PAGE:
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Six Lyrics That Show Why ‘Hamilton’ Is Tough to Translate

A direct transfer of words was never going to work for such a complex show. So the team involved got creative.

How does one translate “Hamilton” into another language? That was the challenge facing Sera Finale, a rapper-turned-songwriter, and Kevin Schroeder, a seasoned musical theater translator, when they were asked to collaborate on a German version of the show — the first in a language other than English.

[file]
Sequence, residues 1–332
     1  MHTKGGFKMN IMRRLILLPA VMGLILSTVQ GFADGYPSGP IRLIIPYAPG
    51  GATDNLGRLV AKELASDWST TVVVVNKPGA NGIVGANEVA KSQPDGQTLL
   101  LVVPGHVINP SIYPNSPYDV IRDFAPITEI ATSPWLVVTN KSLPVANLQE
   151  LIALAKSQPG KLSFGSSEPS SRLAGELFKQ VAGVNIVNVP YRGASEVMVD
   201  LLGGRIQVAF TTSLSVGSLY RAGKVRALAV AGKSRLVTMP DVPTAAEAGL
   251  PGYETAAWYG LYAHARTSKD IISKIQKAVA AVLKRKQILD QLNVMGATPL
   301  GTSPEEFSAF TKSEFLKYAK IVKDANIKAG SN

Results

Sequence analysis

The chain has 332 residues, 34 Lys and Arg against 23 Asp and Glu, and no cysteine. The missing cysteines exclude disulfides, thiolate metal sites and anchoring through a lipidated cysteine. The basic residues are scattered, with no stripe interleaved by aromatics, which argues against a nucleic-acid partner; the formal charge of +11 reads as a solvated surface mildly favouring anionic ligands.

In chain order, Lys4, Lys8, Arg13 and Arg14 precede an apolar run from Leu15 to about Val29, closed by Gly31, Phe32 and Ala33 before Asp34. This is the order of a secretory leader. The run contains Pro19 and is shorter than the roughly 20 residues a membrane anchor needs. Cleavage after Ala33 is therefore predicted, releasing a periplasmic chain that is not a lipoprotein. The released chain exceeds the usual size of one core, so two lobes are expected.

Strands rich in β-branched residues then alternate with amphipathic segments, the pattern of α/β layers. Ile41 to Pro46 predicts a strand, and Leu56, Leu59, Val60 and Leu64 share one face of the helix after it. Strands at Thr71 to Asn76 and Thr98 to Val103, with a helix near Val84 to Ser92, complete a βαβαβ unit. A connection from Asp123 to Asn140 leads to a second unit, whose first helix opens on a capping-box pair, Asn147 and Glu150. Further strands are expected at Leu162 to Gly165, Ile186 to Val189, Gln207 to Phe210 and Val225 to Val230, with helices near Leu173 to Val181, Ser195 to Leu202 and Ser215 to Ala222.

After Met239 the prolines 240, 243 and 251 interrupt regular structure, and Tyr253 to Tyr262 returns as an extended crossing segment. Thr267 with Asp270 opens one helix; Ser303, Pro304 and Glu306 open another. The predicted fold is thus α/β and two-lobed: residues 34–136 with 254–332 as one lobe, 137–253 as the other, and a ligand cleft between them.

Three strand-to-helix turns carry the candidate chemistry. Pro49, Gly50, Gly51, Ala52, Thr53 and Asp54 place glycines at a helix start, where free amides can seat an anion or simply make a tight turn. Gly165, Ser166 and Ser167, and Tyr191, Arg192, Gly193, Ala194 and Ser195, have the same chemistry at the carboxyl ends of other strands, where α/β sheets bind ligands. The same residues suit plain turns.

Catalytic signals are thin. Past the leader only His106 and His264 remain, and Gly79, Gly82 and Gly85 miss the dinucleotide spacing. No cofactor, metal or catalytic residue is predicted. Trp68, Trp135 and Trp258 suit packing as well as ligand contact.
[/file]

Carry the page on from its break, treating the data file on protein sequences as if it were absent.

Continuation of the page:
The project turned out to be just as complicated as they had feared: complex rhyme schemes, elaborate wordplay and so many songs. There were drafts and demos and revisions; a member of the “Hamilton” music team, Kurt Crowley, learned German to help coordinate the process, and ultimately Lin-Manuel Miranda, the show’s creator, had to approve or reject each line.

Here are six lyrics that demonstrate some of the challenges the team faced as they sought to preserve the meaning and melody of the original, but in a language with different sounds and syntax. The first line is the original English lyric; the second is the German lyric; and the third is the so-called back translation, which is what the German words literally mean in English.

Burr: How does a bastard, orphan, son of a whore and a/Scotsman, dropped in the middle of a forgotten/Spot in the Caribbean by providence, impoverished, in squalor/Grow up to be a hero and a scholar?